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Board of Regents needs to finish what it starts

By Wildcat Opinions Board
Monday December 3, 2001

At last week's Arizona Board of Regents meeting, discussions were had and decisions were made that will have lasting effects on our university. A close look at past and present ABOR decisions suggest an unhealthy habit by the regents to start programs they can't finish, leaving the UA scrambling to minimize damage.

ABOR voted 8-1 in approval of UA President Peter Likins' proposal to close the ill-fated Arizona International College. AIC was a fiscal failure, as has been stated by President Likins. However, AIC may have been successful with more support. ABOR approved AIC five years ago but never gave it a permanent campus. AIC was not worth its price, but it was not given the support it needed to transition from a concept into a college. ABOR put to rest its prodigious child before it reached adulthood.

Although ABOR closed AIC, it approved the building of the UA North campus that would have become its home. This seems hypocritical to many members of the community. How can the ABOR close a college due to a lack of funds and then approve a building project? Why couldn't the money from the building project go to AIC instead?

President Likins answered these questions recently in a guest commentary titled "The Color of Money." President Likins attempted to explain why the university can continue to build what may seem like superfluous projects while having to cut colleges, classes and professors - the North campus, for example, was appropriated by the state Legislature only for the construction of that campus. It could not be used to pay teacher salaries or for any other purpose. However, the North campus won't be built - and more importantly, won't be fully operational - without the continued support of the state Legislature and ABOR, which raises the questions: Will this project meet the same fate as AIC? Will UA North be another example of ABOR beginning something it can't finish?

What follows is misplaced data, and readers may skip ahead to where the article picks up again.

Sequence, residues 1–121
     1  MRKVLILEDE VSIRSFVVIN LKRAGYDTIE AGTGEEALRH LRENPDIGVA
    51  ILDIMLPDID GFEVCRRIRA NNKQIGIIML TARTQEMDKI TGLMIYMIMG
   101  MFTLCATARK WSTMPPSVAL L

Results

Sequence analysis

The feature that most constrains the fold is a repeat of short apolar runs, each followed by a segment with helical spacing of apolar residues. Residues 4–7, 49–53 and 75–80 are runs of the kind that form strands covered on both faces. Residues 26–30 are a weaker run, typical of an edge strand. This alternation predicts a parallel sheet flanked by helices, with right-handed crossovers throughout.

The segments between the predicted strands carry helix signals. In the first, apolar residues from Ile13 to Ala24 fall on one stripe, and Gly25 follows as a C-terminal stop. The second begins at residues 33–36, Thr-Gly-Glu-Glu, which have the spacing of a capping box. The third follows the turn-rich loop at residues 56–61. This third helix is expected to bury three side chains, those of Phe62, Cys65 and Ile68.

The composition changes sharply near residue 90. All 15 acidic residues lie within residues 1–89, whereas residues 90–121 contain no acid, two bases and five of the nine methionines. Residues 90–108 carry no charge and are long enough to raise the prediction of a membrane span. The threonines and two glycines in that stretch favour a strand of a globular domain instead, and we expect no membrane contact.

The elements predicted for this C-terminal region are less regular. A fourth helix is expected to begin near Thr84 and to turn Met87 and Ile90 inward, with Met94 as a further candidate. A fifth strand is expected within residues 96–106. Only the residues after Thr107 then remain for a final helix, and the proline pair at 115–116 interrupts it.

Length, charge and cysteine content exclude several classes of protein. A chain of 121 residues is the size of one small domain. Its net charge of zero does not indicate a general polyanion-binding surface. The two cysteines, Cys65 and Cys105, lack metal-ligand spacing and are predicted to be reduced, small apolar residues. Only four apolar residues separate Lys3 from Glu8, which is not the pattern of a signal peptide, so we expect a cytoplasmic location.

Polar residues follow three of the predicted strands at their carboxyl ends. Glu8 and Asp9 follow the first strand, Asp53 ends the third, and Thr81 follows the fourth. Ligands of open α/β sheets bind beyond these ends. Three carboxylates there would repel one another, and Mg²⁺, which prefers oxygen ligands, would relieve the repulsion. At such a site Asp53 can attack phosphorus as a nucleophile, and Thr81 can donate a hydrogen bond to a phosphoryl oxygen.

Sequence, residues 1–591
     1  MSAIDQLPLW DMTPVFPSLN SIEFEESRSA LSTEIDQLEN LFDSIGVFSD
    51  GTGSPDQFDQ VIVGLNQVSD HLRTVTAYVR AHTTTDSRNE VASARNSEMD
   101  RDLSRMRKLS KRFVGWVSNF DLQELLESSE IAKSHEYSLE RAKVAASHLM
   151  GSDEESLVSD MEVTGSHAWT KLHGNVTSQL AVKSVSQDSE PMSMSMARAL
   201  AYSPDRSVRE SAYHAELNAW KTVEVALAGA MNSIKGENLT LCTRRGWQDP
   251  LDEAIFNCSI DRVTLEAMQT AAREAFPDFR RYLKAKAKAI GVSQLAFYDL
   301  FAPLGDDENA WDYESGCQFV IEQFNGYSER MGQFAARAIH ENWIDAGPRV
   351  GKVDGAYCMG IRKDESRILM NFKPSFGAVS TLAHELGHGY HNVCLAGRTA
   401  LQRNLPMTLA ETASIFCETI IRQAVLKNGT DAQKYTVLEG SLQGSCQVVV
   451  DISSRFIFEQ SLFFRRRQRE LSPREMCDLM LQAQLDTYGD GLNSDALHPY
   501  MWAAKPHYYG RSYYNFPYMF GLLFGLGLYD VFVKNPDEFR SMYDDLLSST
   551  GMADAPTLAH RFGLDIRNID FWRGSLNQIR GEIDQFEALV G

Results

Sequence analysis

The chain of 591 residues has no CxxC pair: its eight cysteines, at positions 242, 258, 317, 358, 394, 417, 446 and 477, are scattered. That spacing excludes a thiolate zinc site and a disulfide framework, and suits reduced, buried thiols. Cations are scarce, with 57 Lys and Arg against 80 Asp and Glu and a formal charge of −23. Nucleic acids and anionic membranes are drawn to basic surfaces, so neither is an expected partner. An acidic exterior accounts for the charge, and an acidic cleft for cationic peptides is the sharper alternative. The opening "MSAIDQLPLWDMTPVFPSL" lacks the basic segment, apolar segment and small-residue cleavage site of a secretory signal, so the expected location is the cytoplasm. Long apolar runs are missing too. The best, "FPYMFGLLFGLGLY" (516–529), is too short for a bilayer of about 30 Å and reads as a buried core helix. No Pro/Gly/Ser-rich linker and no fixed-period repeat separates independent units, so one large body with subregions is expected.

Lastly, ABOR discussed revising Arizona intercollegiate athletics as a result of a report issued by the Knight Commission. Within this issue lurks, again, an example of ABOR pulling support from a program; this time it is pulling support from the UA athletics department.

ABOR's suggestions to better Arizona athletics seem innocuous enough. After all, the regents said their No. 1 goal is to make sure athletes get more time to spend on athletics, something few would argue with. However, their other goals - reducing the money involved in the games and abolishing corporate logos on school apparel - stand to undermine UA's position as one of the top athletic programs in the nation and its membership in the prestigious Pacific 10 Conference, an association that allows this institution to call schools like UC-Berkeley, Stanford and UCLA its peers.

The vague concept of "reducing money" is part of the problem with ABOR's plans. A few months ago, ABOR decided the salaries of some of ASU's and UA's head coaches are too high but failed to acknowledge that the regents themselves approved these salaries. Nonetheless, it appears ABOR is hell-bent on making the schools pay for a problem the board itself helped create.

The plan to remove corporate logos from apparel may even be more insidious than ABOR's other proposals. UA's contract with Nike allows the athletic department to ensure that all UA athletes are outfitted with the best available equipment, - something that might not be possible without Nike's sponsorship. Contrary to the board's plan to cut costs in the athletic department, such a measure would actually mean UA has to spend more to outfit their athletes, which would likely lead to cutting smaller sports - the same sports that are often the last bastion of the student-athlete ideal so often sought after.

ABOR must decide what to support and then see it through. AIC was ruined because of ABOR's inability to do so, and it would be a shame to see UA North and UA athletics meet the same fate.


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